Familiar with Grief

By Regina Girten, Pastor of Outreach

"Wonderful news for the mourners! You’re going to be comforted.
I am here with you. Waiting to fill you with my overflowing joy! I know it doesn’t make sense right now, but it will comfort you and give you strength." - NT Wright

God is with us in our mourning. And I wonder, have we been here before? Certainly, none of us has been through a global pandemic. But Pastor Jacob named something we are all feeling: Grief. Even if some of us haven't realized it yet, we all are experiencing varying layers of grief. Likewise, in the past we have all experienced grief or gone through trying times. What brought you through those moments? What and who did you rely on? What did you produce out of that grief?

I was talking with one of our church members recently. He's a hero among us. His name is Bob Carrizzo. He mentioned having served in the military in times of war and stepping through certain decades where our country experienced trying times. He said it all with such ease. His wisdom reminded me to consider when I have journeyed through difficult circumstances. The ease in his tone reminded me that on the other side of those trying times, I am still here. Complete. Whole. Alive. Full of Life. There IS hope.

On August 29, 2005, Hurricane Katrina made land fall in New Orleans, LA where I grew up. In an instant I was disconnected from my family and entire community. I was in Oklahoma City for my sophomore year of college and no one's cell phones were working. We couldn't get in touch with one another. I remember how I felt watching TV in my on-campus apartment. I can still recall how that grief felt in my body. I can even remember how long it lasted. We were disconnected in those moments, but in reality we were all still very connected in our experiences.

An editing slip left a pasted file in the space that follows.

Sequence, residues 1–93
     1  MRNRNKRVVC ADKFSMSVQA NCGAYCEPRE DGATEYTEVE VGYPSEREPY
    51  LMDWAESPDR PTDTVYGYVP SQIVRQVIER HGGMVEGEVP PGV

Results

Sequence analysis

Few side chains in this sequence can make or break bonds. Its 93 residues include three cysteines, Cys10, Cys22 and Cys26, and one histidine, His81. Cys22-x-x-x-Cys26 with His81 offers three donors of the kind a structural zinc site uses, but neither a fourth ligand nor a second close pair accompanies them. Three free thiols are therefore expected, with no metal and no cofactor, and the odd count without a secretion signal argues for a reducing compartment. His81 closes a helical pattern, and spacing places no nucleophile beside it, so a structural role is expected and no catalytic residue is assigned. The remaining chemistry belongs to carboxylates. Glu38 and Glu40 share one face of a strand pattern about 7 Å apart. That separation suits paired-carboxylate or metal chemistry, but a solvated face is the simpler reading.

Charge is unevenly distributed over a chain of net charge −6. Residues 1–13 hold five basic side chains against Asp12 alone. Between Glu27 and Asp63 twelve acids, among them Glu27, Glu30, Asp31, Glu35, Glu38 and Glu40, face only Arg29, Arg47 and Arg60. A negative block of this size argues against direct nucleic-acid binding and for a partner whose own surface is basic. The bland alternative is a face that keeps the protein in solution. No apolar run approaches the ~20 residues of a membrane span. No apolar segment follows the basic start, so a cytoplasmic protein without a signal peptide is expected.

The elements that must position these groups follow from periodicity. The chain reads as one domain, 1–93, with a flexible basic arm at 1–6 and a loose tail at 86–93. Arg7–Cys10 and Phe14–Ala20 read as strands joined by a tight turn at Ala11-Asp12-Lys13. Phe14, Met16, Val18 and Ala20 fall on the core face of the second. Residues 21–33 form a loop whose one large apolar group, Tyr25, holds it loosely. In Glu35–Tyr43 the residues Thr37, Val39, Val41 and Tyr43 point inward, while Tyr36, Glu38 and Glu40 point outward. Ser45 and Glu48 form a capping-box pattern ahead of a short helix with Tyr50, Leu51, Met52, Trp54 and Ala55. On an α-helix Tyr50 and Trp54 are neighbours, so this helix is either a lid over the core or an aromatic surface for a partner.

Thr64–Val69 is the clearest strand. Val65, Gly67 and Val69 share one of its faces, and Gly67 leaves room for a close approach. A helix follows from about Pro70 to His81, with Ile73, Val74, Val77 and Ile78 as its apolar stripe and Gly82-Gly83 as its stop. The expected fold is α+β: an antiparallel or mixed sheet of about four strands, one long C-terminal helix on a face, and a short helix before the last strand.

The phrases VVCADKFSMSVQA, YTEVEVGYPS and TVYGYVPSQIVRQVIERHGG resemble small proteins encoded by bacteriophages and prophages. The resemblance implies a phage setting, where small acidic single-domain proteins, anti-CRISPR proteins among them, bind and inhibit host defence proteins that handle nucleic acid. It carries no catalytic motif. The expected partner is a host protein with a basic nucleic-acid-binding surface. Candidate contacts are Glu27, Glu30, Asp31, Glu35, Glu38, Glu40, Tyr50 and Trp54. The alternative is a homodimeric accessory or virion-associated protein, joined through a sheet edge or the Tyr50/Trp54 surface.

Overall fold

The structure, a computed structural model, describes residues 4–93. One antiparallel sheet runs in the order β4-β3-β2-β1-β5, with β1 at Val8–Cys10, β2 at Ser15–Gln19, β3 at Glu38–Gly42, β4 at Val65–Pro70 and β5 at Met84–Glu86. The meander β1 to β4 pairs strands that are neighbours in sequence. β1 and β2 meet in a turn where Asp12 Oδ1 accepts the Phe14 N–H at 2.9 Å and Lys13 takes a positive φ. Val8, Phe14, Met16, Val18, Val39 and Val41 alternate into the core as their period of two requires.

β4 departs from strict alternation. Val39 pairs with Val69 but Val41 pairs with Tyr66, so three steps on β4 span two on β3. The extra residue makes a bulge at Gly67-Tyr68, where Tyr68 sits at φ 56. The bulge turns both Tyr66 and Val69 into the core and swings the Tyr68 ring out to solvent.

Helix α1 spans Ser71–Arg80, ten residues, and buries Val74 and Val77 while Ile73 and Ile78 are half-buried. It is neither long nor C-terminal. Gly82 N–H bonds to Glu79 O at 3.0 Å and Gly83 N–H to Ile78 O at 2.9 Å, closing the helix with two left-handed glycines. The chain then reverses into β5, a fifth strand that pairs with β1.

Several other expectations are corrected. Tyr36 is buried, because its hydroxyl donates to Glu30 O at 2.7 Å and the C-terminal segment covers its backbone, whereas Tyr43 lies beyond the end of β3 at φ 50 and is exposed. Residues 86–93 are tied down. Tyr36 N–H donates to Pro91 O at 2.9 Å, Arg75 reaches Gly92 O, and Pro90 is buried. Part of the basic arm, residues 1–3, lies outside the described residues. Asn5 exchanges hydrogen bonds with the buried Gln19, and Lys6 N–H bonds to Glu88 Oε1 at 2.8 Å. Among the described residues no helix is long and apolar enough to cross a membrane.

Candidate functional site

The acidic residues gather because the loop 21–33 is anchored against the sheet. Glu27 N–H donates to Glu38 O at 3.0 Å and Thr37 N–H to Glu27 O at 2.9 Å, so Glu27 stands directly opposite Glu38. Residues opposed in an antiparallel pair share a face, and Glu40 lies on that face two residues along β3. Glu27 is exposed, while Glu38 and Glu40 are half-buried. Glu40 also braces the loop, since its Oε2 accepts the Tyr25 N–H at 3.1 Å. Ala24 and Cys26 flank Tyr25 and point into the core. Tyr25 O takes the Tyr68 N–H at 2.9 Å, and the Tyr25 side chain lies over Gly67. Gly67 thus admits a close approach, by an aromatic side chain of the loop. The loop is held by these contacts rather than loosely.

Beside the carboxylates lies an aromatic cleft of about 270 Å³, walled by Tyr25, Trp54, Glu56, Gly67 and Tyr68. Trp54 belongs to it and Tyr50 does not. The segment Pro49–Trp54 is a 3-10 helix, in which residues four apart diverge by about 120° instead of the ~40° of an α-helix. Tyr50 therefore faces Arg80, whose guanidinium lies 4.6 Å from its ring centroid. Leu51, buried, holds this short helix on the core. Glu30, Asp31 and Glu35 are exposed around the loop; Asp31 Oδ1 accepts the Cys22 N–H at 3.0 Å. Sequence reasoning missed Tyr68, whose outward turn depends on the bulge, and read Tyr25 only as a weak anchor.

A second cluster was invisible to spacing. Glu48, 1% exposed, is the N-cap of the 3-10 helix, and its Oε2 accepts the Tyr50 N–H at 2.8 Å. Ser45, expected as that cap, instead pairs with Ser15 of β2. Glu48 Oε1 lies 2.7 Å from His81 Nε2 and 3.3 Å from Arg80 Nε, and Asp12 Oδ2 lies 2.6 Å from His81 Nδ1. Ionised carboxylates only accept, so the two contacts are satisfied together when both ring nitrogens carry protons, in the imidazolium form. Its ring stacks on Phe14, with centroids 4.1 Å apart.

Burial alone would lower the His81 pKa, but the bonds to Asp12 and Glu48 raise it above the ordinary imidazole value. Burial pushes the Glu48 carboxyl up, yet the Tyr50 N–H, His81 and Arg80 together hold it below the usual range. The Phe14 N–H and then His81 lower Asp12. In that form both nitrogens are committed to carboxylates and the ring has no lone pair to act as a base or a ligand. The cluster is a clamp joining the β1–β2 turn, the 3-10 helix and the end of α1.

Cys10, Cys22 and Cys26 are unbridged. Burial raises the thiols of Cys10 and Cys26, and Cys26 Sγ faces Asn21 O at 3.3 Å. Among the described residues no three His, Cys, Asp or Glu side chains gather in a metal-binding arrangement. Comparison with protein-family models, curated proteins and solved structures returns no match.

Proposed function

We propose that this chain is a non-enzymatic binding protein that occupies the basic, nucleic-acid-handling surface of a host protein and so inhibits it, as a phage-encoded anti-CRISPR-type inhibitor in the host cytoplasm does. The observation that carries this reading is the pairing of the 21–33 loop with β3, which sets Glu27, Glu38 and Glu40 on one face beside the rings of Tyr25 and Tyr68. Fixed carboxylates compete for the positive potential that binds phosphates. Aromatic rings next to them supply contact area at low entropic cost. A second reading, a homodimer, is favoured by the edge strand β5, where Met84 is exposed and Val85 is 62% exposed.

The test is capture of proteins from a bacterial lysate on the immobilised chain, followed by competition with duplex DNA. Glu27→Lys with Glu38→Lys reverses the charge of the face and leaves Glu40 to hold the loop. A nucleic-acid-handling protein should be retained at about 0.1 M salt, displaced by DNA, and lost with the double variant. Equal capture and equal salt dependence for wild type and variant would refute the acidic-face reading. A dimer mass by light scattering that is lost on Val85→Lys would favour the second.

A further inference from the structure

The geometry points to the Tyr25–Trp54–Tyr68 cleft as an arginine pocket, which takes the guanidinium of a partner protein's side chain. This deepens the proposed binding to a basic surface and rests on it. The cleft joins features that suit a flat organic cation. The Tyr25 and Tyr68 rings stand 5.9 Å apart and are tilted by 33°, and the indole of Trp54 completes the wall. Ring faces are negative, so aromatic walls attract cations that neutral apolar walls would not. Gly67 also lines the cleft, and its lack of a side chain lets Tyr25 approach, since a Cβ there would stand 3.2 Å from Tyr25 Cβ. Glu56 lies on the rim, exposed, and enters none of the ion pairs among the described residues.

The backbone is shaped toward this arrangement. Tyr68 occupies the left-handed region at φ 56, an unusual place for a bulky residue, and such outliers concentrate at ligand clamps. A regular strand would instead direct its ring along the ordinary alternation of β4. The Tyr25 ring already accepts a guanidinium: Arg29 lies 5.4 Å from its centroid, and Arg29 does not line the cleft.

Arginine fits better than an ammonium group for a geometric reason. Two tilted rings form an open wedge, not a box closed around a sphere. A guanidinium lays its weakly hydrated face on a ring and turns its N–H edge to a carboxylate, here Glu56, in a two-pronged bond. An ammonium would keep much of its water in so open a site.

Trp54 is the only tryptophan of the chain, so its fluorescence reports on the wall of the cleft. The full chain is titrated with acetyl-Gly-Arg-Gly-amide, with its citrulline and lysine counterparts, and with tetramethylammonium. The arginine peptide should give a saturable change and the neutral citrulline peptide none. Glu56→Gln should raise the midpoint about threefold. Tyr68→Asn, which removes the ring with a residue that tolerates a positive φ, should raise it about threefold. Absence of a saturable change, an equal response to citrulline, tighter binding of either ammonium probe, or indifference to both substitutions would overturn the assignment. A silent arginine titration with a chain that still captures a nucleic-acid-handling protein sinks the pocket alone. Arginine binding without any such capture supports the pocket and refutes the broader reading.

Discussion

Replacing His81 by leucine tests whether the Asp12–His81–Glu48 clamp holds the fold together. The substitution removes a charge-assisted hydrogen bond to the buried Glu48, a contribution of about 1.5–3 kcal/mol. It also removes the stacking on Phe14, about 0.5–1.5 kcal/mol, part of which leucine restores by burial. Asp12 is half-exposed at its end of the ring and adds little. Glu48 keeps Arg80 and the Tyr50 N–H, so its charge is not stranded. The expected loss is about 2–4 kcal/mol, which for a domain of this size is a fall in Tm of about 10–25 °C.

The church I attended, Rayne Memorial UMC, had significant damage in our historic building. While our sanctuary was being rebuilt, the congregation gathered in the fellowship hall. Members of the congregation and our pastor, Callie Winn Crawford, used two wooden beams from the rubble and created this magnificent rugged cross. In reflecting on Pastor Jacob's words, I saw that imperfectly perfect cross in my mind. It took two years, but our congregation gathered in the sanctuary again. It took three years, but my family and I moved into a new home. It took ten years, but the anniversary of Hurricane Katrina didn't sting quite as much as it once did.

Nothing can erase that experience, but, with a willing spirit, it has shaped, molded, and prepared me for other life circumstances. We all have life experiences that, should we have a willing spirit, can aid us in stepping through these days and not only guide us in our grief but lead us to resilience. In that resilience, God will guide us in how we can use this grief for the greater good of God's Kingdom. But we have to be willing to step through to where God is guiding us. We have to take the next step.

In the week to come, may you reflect on the lessons you already have within you to see how God can comfort you in your grief and walk you to healing and wholeness.